One of the reasons I’m so emotionally engaged in Europe is that for everybody’s sake Europe and the EU mustn’t be allowed to fail. Growing up in India I idealised some things about Europe – I used to think of the EU as a template for what was possible and necessary at a global level, given our increasing interdependency. Imagine that if you woke up on a Monday and were told that India and Pakistan were going to war and your instinctive reaction was to laugh at them in the face – that it was a ludicrous idea. That is what France, Germany and the EU have achieved and nothing can diminish that achievement. Even after the crisis the EU remains the world’s most successful peace and prosperity project and we are risking the future of that project. Yes there are differences, but here is a group of countries with shared history culture and religion – within limits, and shared institutional structures…If this is the best they can do, what hope does humanity have of sitting the Indias, Chinas, and other countries of this world together and tackling long-term, more intractable problems such as climate change?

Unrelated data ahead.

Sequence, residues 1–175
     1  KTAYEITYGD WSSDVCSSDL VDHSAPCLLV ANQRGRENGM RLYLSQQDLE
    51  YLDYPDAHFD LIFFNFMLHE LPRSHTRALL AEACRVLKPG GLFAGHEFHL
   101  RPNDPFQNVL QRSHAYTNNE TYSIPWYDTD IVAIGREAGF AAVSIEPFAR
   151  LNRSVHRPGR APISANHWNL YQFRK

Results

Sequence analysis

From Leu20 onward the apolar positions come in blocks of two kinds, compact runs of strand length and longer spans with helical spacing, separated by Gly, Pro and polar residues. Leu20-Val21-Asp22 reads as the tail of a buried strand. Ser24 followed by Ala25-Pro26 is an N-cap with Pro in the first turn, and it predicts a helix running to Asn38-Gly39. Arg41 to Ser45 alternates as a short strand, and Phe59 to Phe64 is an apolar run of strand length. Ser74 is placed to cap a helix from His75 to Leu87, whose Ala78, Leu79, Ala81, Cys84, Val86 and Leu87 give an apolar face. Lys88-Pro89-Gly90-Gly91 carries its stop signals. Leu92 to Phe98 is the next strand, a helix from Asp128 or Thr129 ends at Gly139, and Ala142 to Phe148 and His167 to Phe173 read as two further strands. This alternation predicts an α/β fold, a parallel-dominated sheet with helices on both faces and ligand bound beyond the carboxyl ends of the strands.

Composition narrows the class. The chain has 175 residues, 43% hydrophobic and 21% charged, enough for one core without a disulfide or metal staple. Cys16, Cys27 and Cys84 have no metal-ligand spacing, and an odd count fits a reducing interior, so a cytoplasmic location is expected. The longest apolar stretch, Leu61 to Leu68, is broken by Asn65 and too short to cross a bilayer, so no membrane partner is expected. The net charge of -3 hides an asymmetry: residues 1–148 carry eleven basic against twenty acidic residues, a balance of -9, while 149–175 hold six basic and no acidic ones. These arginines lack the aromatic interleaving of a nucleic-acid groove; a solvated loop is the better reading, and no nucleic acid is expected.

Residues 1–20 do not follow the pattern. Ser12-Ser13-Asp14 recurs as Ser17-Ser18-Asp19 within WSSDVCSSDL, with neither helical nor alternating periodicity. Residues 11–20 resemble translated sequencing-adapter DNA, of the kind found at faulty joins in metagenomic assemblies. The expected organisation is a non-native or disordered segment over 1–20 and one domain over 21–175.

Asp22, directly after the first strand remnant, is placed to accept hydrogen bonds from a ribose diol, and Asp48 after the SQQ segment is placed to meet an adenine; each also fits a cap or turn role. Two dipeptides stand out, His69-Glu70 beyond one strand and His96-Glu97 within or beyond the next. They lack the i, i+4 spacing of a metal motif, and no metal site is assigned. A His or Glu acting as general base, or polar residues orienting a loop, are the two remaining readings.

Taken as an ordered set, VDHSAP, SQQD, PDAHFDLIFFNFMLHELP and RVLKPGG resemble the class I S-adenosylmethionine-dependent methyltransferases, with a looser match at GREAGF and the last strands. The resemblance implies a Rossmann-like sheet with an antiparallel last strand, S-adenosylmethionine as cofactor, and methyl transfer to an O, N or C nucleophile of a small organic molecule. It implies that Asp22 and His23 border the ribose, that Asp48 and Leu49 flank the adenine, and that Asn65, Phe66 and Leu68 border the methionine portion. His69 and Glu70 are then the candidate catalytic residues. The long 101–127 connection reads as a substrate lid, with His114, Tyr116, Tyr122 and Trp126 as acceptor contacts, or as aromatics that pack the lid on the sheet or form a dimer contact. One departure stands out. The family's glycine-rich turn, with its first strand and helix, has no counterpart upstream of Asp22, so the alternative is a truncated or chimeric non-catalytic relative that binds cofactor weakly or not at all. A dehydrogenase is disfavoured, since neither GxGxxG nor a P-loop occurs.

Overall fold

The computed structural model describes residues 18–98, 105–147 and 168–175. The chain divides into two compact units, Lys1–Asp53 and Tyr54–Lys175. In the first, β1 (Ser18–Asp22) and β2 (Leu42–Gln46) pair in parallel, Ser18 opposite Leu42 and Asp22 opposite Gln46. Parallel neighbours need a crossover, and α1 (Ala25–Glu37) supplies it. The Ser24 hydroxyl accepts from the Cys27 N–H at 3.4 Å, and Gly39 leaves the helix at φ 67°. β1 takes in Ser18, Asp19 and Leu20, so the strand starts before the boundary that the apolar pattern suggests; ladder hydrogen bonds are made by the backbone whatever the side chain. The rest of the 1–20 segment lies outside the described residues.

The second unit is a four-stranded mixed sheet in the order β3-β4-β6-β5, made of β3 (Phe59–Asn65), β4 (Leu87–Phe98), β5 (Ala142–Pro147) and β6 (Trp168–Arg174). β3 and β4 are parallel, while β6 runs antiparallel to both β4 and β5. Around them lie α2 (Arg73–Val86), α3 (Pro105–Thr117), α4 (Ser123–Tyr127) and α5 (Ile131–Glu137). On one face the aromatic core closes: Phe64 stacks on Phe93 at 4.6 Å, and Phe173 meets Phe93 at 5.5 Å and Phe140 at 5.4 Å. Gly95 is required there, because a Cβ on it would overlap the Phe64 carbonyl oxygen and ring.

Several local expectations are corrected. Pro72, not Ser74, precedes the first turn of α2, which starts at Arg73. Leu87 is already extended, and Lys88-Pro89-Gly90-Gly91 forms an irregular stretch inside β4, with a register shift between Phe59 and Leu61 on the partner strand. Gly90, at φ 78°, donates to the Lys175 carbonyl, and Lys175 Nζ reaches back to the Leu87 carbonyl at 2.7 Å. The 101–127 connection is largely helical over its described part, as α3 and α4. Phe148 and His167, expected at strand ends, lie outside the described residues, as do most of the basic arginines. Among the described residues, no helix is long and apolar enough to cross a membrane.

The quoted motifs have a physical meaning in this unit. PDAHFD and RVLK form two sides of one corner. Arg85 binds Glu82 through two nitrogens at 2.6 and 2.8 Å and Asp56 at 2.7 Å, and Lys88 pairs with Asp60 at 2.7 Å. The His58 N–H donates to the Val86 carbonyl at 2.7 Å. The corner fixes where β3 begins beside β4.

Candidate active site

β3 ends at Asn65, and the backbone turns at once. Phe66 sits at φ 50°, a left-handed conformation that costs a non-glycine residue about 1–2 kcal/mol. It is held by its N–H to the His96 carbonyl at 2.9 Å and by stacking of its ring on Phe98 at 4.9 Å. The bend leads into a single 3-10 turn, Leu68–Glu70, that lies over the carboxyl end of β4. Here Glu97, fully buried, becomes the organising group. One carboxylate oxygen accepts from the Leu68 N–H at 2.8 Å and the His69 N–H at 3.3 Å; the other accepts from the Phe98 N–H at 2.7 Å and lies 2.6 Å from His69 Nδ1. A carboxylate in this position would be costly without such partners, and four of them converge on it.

As a governance expert what do you make of the recent reforms in India?

Its been a humbling experience to realise that softer issues around governance, culture, trust, and social capital are far more important than the numbers game, which is why I am encouraged by Modi’s moves towards governance reform. My instinct is that he recognises India has never lacked for good policy – its always lacked for good implementation and good governance and rather than yet again coming up with grand policy announcements that fail during implementation, he has decided its very important to reform the bureaucracy. I have seen the change in behaviour of IAS friends and classmates – their behaviour has changed significantly in the last three months.

Are the delays of the India-EU free trade agreement a problem – and what does it mean for the relationship?

FTAs are like termites biting at one of the few success stories of the multilateral regime. Every time an FTA is signed part of the multilateral din dies, so globally its beneficial for everybody to take a deep breath and look at what can be done to improve the situation. Also, the terms of trade agreements with every passing year have become more and more asymmetric.

Much of the policy space that countries that are presently rich had in their development face is restricted for others as time goes on. There needs to be a pause to consider the terms on which these agreements happen

What should be done to take forward EU and India relations?